Chapter 6 ends with a return to John Piper’s contention that the doctrine of justification must be included if the gospel is to be good news. (See two of my previous posts here and here.) Piper believes that those influenced by N.T. Wright’s view of “the gospel” will have a global scope, but will not deal adequately with personal human sin and the need for people to know how a person can “find rest in the gospel of grace (101).” (I hope to be a preacher that proves Piper wrong in this regard, always holding in tension the cosmic scope of the gospel while faithfully proclaiming salvation by grace for individual sinners.)
Though I agree with Piper (over against Wright) that the doctrine of justification actually establishes and does not merely declare our salvation, I agree with Wright (over against Piper) that when Paul speaks of “the gospel” in a specific sense, he is referring to a message about Jesus’ death, resurrection and lordship that has salvific implications for us.
Why does Piper insist that the doctrine of justification be included in the strict definition of “the gospel?” I do not want to assign incorrect motivations to Piper. I believe him to be a man who loves the Word and is ready to follow the biblical text wherever it leads. That is why I suspect something below the surface of this debate is driving Piper’s definition of the gospel, something more than the biblical witness. (In my previous posts, I pointed out Piper’s perplexing inconsistencies on this subject).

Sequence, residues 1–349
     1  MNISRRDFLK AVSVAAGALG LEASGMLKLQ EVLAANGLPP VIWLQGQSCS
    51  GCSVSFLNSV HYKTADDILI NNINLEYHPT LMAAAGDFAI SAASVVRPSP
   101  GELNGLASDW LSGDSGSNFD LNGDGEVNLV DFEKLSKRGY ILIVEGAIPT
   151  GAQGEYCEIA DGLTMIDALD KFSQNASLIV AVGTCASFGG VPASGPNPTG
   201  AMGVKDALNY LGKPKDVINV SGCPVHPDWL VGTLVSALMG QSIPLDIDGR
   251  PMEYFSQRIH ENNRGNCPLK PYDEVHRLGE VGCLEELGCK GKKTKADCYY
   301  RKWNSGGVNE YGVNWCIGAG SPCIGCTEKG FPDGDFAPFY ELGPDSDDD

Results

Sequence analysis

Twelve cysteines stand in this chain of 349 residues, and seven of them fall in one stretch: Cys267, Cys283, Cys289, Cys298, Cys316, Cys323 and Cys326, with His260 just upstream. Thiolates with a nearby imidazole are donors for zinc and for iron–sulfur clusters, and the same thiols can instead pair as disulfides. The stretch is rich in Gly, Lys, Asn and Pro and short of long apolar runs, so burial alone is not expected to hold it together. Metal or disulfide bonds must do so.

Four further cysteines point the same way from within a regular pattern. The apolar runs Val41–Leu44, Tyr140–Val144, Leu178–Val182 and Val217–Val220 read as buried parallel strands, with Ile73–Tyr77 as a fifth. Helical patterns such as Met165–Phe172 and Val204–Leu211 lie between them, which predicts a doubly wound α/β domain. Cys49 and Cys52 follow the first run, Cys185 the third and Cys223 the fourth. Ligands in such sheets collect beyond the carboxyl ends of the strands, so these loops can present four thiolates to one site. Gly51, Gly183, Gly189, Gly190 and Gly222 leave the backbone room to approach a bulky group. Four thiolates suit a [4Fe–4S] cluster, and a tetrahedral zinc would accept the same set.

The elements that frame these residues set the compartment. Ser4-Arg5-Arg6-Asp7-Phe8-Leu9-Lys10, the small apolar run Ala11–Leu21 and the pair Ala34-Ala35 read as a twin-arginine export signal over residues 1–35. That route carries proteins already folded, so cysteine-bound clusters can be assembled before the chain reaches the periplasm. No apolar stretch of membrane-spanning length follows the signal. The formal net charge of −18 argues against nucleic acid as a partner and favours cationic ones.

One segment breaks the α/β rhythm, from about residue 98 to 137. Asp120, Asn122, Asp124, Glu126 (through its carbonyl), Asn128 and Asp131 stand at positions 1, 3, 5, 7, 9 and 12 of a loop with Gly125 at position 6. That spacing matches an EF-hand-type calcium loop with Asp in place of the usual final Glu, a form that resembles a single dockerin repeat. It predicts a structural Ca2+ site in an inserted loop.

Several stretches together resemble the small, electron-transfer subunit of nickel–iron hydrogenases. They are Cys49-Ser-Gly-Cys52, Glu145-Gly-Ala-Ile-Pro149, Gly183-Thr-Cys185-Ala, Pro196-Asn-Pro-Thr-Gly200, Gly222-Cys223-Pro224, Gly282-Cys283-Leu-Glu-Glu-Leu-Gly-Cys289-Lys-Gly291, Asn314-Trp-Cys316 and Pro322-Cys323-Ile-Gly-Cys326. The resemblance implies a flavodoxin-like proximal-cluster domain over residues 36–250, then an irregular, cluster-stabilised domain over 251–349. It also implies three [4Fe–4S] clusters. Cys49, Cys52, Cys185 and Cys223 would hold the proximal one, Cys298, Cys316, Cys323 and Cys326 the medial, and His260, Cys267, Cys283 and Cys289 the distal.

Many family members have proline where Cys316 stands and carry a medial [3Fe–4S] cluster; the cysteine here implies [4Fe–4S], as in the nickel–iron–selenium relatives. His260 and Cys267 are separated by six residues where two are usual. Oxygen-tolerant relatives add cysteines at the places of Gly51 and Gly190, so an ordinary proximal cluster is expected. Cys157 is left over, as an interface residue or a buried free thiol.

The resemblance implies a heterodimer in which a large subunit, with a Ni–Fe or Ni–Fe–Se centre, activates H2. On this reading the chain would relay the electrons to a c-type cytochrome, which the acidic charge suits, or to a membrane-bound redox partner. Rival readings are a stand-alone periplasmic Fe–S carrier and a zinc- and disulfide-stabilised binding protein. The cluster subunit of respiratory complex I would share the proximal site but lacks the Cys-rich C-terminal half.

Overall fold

The real reason why, in Piper’s view, the doctrine of justification must be the very essence of the “gospel message” is because Wright’s definition (and I believe the apostles’ definition too) that “Jesus of Nazareth, crucified and risen for us, is the Lord of the world” is agreed on by Christians of all stripes. If we define the gospel message this way, then Roman Catholics are right on the gospel.
For those in the Reformed camp, it is unthinkable that we would share common ground with the Roman Catholics (or the Eastern Orthodox for that matter) on the very essence of the gospel of Jesus’ lordship. Out of necessity, Piper must bring justification into the center of the picture – otherwise, the ecumenical implications are too startling and controversial.
Let me conclude by stating my agreement with Piper on the doctrine of justification. I am as Reformed as can be regarding the doctrine of salvation by grace alone, justification by faith alone, all on account of Christ alone. I believe official Roman Catholic teaching to be in serious error on this matter. (So I am not advocating a return to the papacy!)
But while Roman Catholics are wrong on how the gospel works and how salvation is accomplished, I can stand shoulder to shoulder with them in affirming the very essence of the gospel proclamation: Jesus – the crucified and risen Savior is Messiah of Israel and the true Lord of the world.
written by Trevin Wax © 2007 Kingdom People blog